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NEWS | Nov. 10, 2016

Readiness NCO helps Air Force families cope with deployment process

Joint Base San Antonio-Randolph Public Affairs

A master sergeant who once set his sights on being a first sergeant is now exerting a shirt-like influence on Airmen and their families in a different position.

Master Sgt. Joe Ugarte, Joint Base San Antonio-Randolph Military & Family Readiness Center NCO in charge since 2012, is making a difference in the lives of Airmen and their families by ensuring they are prepared to meet the challenges of the deployment cycle.

“I think it’s very important to take care of family members through the duration of a deployment,” he said. “If we can focus on making sure families are OK, the Airmen can focus 100 percent on the mission they’re doing downrange and come back home safely.”

As the readiness NCO, Ugarte develops and provides personal and family readiness services related to the deployment cycle – from pre-deployment to reintegration and post-deployment education and consultation – to Total Force Airmen and their families, said Kathleen Moree, JBSA-Randolph M&FRC chief.

“Master Sgt. Ugarte’s own deployment experiences make him a great fit for this position,” she said. “He has built several relationships with base partners to provide fantastic monthly events for our Hearts Apart program. Over the years he has found events that work for this community, and our partners such as the chaplain service, Yellow Ribbon Spouses, and JBSA-Randolph officers and enlisted clubs look forward to partnering with him each year to make the events better and better.”

Briefings play a major role in Ugarte’s duties as readiness NCO.

“There are six deployment-specific briefings each month,” he said. “We have a pre-deployment personal and family briefing twice a month and a reintegration briefing each week. I tell them about the services and classes we provide at the Military & Family Readiness Center.”

One-on-one sessions with Airmen and their spouses in his office provide them with information about employment and educational opportunities as well as referrals to the Family Advocacy Program’s classes and other resources, Ugarte said.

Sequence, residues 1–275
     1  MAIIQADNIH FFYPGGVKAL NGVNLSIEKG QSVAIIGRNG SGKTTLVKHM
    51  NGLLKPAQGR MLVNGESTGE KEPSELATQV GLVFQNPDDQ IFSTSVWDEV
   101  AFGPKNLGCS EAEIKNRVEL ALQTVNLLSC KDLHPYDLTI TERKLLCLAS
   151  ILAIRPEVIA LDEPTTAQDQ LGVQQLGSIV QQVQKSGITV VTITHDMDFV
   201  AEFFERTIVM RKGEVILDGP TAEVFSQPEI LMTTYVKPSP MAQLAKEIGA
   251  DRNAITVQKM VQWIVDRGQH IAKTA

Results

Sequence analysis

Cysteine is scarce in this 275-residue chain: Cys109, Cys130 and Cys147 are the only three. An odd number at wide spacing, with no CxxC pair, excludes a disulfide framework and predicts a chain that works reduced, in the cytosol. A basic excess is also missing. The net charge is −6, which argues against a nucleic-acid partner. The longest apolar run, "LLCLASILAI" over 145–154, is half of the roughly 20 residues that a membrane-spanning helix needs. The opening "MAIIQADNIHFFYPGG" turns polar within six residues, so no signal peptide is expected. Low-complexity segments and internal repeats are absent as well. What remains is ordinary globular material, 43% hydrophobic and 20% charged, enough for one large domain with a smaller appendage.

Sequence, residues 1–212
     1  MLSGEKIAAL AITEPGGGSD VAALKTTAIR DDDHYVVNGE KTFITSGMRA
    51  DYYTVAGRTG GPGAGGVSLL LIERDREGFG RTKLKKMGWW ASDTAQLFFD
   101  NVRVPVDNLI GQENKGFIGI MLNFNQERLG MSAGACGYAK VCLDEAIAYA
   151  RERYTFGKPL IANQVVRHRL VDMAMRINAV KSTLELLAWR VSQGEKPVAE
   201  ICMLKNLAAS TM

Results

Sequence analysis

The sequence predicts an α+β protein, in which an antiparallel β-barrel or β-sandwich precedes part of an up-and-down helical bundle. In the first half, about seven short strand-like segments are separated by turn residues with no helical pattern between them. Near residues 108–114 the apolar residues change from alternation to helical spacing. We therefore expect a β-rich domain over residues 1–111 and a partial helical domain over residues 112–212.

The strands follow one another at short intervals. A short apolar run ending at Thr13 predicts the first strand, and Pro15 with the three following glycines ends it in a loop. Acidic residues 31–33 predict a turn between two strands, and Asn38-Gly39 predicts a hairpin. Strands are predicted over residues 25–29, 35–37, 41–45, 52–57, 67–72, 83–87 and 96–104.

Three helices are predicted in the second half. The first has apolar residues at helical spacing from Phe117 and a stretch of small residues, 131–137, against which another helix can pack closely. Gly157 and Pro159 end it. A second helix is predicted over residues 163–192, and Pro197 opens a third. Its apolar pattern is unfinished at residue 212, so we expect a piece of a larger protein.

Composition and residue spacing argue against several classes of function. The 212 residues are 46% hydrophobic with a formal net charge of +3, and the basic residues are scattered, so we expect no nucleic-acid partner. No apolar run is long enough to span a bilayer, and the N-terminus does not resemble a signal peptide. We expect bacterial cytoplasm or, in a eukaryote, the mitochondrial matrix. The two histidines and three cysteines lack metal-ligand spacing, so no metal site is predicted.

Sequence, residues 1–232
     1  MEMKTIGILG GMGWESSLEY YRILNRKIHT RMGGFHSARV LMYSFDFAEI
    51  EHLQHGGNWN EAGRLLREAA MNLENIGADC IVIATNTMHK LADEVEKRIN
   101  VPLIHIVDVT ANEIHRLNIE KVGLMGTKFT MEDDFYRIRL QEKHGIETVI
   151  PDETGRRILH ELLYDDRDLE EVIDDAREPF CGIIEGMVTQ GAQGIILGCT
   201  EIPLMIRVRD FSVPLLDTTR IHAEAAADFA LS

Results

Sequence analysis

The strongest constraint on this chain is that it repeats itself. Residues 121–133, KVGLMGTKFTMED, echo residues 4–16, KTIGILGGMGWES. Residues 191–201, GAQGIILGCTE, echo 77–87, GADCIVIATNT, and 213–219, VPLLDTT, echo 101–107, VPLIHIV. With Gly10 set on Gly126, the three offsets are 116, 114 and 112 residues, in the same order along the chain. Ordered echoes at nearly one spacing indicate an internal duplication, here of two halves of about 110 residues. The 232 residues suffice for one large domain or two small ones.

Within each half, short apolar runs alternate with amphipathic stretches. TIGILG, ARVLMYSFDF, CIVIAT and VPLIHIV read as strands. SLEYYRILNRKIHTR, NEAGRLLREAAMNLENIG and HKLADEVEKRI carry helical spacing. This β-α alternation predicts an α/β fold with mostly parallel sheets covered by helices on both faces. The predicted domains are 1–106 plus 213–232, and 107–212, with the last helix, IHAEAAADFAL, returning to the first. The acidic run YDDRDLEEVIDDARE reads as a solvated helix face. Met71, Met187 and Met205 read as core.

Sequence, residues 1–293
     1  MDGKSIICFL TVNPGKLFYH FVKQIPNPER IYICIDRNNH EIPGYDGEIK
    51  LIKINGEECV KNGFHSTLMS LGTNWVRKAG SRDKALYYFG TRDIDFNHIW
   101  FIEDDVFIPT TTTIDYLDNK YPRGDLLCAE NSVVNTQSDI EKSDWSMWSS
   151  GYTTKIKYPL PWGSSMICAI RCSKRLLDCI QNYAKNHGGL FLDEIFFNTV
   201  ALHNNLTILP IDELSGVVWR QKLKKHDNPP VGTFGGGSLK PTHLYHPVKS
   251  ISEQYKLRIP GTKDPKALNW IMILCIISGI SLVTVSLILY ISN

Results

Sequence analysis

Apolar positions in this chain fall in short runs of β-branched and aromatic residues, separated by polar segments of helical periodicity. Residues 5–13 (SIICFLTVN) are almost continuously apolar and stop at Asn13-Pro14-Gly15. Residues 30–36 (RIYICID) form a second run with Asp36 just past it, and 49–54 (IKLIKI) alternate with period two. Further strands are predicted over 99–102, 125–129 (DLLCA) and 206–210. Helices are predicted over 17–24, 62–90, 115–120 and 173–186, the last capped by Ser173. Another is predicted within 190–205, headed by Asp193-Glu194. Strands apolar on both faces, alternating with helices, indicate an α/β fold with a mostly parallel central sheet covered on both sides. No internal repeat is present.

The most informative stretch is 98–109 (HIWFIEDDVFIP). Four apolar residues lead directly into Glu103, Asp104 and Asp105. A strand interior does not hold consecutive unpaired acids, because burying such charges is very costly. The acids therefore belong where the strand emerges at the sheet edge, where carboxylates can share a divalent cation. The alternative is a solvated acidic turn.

Since Ugarte is the only military member at the JBSA-Randolph M&FRC, Airmen can easily relate to him, Moree said.

“Often at the end of a briefing, he will be approached for advice or be asked for help with an issue,” she said. “This is a time when he can educate on specific M&FRC programs and make an Airman feel comfortable visiting the center to ask for help or attend a class.”

An annual event allows Ugarte – assisted by a team of more than 100 volunteer Airmen and civilians from JBSA organizations – to educate students at Randolph Elementary School about the deployment process and show them what their parents go through when they deploy to a faraway land.

“Each May, Master Sgt. Ugarte has worked with the Randolph Elementary School principal to host Operation FLAGS, which stands for Families Learning About Global Support,” Moree said. “Students go through a mock deployment to learn what mom or dad may be doing.”

In addition to being educational, the event is enjoyable, Ugarte said.

“First and foremost, we want the kids to enjoy themselves, but at the same time educate them and let them see the different organizations their mom or dad may encounter while they are deployed downrange, whether it’s Afghanistan, Pakistan or Iraq,” he said.

Operation FLAGS features Airmen and civilians from those organizations, including firefighters, explosive ordnance disposal specialists and military working dog handlers and their canines.

Squad leaders even bark commands at the students during the mock deployment, Ugarte said.

“We want them to feel that sense of urgency, just like we feel on a deployment,” he said.

A San Antonio native who enlisted in the Air Force following graduation from high school, Ugarte has served the Air Force as an information technology specialist for base intrusion detection systems. His first duty station was Kadena Air Base in Okinawa, Japan, where he served as a video maintenance technician, and he has also been assigned to such locations as Araxos Air Base in Greece and Nellis Air Force Base, Nev.

Ugarte, a 20-year Air Force veteran, was assigned to the Air Force Cryptologic Systems Group at Port San Antonio and fresh off a deployment when the special-duty position as readiness NCO became available.

“I was looking at first sergeant duty, but this position opened up,” he said. “It was a job where I was still able to help Airmen and their families, so it’s been very rewarding to be able to just do that every single day.”

Helping Airmen and their family members brings Ugarte the most satisfaction in his job.

“We have a wealth of resources and helping agencies and we’re able to refer lots of families to different entities in those moments of crisis,” he said. “Deployments are a big thing for family members, and the hardest piece is getting that family through that whole deployment process. That’s a key thing we do here at the center.”